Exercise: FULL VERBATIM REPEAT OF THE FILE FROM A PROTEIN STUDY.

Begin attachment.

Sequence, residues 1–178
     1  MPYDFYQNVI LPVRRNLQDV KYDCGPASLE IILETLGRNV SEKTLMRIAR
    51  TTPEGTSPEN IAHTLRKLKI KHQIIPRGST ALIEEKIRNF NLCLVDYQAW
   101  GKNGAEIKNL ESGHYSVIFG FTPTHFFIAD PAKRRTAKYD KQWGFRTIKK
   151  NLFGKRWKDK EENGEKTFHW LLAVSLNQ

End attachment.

Sequence, residues 1–178
     1  MPYDFYQNVI LPVRRNLQDV KYDCGPASLE IILETLGRNV SEKTLMRIAR
    51  TTPEGTSPEN IAHTLRKLKI KHQIIPRGST ALIEEKIRNF NLCLVDYQAW
   101  GKNGAEIKNL ESGHYSVIFG FTPTHFFIAD PAKRRTAKYD KQWGFRTIKK
   151  NLFGKRWKDK EENGEKTFHW LLAVSLNQ